Several train wrecks had accrued in the county. The one that’s talked about the most is Willow Valley wreck, Sept 17, 1861. Carrying 250 men from the 19th Illinois Regiment, the train bridge collapsed 3 train cars and went in to Beaver Creek killing 40 men and injuring 100 others

Willow Valley Train Wreck


On Sept. 17, 1861, Ohio & Mississippi train carrying about 250 members of the 19th Illinois Regiment were enroute from Cairo, Ill., to Washington, D.C. The train wrecked at Bridge 48, west of Willow Valley in Martin County, after passing bridge east of deep cut pass. The train started to cross the bridge and it collapsed, resulting in the deaths of 40 men and injuring about 105 others. 

A reporter from the Cincinnati Daily Commercial accompanied the rescue train to the wreck.... Describing what he seen upon arrival of the wreck he saw a train car thrown off the track some 20 yards from the bridge; that of another car standing on end. The engine passed the bridge safety; the first car was thrown off the track, about 20 yards beyond the bridge. The second car fell directly into the Beaver Creek, the third car went in to the creek, the fourth and fifth cars ran on top of the third, crushing it flat as a board. In the third car was Company I, where the greatest loss took place. The six and last car, containing the field officers and their attendants, was not injured.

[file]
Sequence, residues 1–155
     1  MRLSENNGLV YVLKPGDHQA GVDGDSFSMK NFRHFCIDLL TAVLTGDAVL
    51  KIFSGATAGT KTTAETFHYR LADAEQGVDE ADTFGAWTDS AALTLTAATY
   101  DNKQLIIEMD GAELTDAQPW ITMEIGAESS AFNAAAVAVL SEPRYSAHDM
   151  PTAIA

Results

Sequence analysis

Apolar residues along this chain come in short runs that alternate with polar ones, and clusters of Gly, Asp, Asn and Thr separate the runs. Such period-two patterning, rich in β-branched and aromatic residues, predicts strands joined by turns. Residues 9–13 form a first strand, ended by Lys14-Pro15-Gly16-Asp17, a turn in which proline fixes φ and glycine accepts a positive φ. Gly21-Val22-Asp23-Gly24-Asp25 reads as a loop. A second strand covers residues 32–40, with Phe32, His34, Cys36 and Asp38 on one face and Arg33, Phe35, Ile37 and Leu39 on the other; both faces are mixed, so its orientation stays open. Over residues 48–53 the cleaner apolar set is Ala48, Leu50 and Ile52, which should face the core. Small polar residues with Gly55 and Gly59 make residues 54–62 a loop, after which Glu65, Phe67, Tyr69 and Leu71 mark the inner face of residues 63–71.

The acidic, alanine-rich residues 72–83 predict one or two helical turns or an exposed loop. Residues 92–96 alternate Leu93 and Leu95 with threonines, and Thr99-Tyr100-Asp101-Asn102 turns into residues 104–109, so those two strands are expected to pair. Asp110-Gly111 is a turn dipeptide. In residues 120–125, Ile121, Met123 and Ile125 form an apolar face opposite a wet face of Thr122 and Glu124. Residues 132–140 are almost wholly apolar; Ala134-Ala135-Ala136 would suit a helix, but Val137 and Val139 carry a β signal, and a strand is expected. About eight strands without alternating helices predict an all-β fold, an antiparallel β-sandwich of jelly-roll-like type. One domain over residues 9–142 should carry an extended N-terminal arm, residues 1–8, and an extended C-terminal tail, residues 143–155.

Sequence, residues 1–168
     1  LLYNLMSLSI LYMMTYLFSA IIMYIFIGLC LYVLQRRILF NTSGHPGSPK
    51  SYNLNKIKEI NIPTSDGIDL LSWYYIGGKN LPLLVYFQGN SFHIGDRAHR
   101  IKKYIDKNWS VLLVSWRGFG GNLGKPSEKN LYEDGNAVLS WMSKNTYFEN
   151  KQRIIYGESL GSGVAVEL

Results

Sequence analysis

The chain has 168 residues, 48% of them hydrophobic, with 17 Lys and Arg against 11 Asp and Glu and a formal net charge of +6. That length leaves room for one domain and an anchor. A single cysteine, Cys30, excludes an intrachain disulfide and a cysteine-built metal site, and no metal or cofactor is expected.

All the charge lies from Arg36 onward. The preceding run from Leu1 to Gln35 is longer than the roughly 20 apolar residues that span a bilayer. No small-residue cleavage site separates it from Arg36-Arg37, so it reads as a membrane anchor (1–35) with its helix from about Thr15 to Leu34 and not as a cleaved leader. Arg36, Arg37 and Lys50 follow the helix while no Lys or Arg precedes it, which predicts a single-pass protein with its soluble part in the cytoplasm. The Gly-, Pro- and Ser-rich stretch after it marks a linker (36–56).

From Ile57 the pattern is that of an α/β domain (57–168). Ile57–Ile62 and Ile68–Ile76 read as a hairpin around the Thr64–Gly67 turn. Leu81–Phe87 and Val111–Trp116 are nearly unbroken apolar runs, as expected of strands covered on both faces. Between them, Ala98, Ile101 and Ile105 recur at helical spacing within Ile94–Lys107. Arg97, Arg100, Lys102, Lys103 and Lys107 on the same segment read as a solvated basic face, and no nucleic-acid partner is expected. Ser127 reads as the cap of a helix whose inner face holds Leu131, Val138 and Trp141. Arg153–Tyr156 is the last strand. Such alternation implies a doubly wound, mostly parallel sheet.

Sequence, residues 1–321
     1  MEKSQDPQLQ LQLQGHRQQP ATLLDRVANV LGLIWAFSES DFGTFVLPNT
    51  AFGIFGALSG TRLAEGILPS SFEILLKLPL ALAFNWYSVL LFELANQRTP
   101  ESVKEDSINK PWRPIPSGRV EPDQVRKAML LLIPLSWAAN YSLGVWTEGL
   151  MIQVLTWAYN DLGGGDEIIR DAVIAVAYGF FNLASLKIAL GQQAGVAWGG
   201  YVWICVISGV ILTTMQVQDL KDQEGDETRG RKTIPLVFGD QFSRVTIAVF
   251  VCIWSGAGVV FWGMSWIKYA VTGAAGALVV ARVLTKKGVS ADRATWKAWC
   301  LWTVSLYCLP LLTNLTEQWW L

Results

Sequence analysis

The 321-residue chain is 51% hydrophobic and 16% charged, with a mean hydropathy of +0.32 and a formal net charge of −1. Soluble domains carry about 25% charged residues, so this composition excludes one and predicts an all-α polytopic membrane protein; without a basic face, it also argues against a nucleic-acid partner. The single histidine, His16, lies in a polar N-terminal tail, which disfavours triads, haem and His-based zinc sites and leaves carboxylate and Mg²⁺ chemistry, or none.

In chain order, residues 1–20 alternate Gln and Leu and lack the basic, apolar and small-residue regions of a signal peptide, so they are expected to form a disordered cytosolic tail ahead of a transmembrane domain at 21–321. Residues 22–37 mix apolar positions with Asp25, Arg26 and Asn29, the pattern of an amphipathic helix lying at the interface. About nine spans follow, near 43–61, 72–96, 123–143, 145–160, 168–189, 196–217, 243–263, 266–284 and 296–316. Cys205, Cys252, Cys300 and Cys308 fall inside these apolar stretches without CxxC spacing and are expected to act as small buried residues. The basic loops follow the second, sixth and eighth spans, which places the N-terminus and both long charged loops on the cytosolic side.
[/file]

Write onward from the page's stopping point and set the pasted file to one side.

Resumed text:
The railroad company asked the Cincinnati Chamber of Commerce to appoint a committee of mechanics to inspect the bridge and issue an opinion on the cause of the disaster. On Sept. 25, 1861 eight days after the disaster the committee reported that a broken rail near the entrance to the bridge was the cause. 

At the time local resident of Martin County blamed the large group of Knights of the Golden Circle, who were southern sympathizers, and were suspected of loosening the rail.

In 1899 Willow Valley Tunnel was built which by pass the 3 miles of track where this train wreck occurred. The county would later take over the old railroad bed to make it into a county road Deep Cut Lake Road which goes in front of US Gypsum.